Critics of Texas’ vaccine rollout say that rankings — however they are interpreted — are still useful when evaluating how Texas has managed its program and can identify weaknesses as the state participates in the largest vaccination program in U.S. history, said Gizem Nemutlu, assistant professor of data analytics at Brandeis International Business School.

“The total number of vaccines administered as a count is not terrible, but the coverage [of its overall population] is really low compared to other states,” she said. “So I think they [Texas] should look into the reasons why Texas is not operating well to serve its community and residents in a better way. I think it is an operational problem.”

But because Texas has so many residents who aren’t old enough to be vaccinated, it’s more fair — if less headline-grabbing — to measure progress based on the percentage of eligible residents fully vaccinated as opposed to the percentage of the total population vaccinated, Van Deusen said.

By that measure, Texas is a bit higher in the overall rankings, on par[6] with populous states like California and Florida and just under the national totals.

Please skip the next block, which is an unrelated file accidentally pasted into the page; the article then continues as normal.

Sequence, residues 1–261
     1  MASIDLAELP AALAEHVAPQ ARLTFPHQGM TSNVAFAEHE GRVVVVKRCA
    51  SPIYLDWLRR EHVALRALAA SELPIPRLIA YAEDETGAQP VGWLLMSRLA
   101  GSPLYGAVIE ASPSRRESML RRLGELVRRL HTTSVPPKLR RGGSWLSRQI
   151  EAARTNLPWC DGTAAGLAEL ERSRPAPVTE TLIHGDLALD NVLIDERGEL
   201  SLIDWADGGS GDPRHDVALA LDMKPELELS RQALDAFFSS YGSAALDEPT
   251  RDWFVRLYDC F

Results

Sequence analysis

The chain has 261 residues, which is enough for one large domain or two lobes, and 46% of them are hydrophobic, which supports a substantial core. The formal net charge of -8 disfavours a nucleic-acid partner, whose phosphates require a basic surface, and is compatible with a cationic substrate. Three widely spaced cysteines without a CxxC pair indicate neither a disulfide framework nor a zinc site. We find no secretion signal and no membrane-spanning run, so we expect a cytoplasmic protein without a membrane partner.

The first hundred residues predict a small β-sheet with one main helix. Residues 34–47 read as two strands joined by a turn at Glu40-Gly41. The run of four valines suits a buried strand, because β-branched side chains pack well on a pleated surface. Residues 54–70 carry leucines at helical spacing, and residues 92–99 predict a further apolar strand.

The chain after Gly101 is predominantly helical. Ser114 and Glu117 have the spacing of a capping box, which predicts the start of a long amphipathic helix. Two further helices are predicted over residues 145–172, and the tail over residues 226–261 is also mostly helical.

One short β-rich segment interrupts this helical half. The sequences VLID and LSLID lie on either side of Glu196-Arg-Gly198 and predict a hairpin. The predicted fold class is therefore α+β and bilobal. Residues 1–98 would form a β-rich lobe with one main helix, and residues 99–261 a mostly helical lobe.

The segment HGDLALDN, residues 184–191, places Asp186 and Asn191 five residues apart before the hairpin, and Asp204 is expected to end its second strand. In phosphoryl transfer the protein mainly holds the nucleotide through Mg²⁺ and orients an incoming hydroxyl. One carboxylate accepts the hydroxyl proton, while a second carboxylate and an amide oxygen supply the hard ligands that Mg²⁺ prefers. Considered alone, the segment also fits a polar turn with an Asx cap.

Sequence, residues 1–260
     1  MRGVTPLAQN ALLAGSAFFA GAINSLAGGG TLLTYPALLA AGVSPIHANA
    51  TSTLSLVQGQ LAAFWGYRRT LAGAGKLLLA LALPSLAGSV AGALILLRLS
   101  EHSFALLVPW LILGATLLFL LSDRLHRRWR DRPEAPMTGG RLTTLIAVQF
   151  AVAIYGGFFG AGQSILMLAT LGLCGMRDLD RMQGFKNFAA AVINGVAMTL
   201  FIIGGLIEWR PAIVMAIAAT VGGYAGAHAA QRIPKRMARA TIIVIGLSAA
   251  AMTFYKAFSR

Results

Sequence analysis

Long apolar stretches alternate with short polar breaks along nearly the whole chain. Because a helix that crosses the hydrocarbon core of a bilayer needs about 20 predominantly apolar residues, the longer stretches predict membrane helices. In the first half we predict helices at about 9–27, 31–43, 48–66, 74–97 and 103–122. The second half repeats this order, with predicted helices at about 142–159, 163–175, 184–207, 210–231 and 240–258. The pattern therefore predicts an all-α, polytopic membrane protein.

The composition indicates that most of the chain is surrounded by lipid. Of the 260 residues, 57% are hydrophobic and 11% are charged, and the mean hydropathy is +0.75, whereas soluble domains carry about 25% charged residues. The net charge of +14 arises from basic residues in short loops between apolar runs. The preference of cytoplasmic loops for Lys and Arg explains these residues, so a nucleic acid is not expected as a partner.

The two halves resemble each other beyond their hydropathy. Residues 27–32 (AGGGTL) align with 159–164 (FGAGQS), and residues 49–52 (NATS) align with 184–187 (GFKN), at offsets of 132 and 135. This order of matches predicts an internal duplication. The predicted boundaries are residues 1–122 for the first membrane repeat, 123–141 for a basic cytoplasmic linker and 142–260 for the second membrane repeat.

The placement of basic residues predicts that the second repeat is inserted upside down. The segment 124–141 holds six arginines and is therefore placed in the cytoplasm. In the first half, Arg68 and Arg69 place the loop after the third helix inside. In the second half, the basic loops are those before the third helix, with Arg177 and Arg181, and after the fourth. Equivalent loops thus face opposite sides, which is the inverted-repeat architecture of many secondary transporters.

Texas also ranks higher than the national rate in terms of fully vaccinated people over 65, with 61% of that age group fully inoculated in the state, compared with 58% nationwide.[7] Texas is ahead of more than 30 states[8] on that metric.

Another key measure of a state’s vaccination program is the percentage of doses received by the state that have actually been given to people.

Texas has administered 91% of the 14.5 million doses[9] that have been received by providers, according to DSHS.

But popular rankings[10], which show Texas at 73% as of Friday and ranked 36th, measure doses going into arms against the number of doses allocated to the state. That measure uses the nearly 20 million doses that have been allocated to Texas, but not all of them have arrived in the state yet, and a large portion of those doses are administered by federal programs that don’t regularly report their vaccination rates to the state.

Texas has moved up in various national rankings from its early position near the bottom last month, in spite of challenges that complicated the state’s vaccine rollout, Van Deusen said.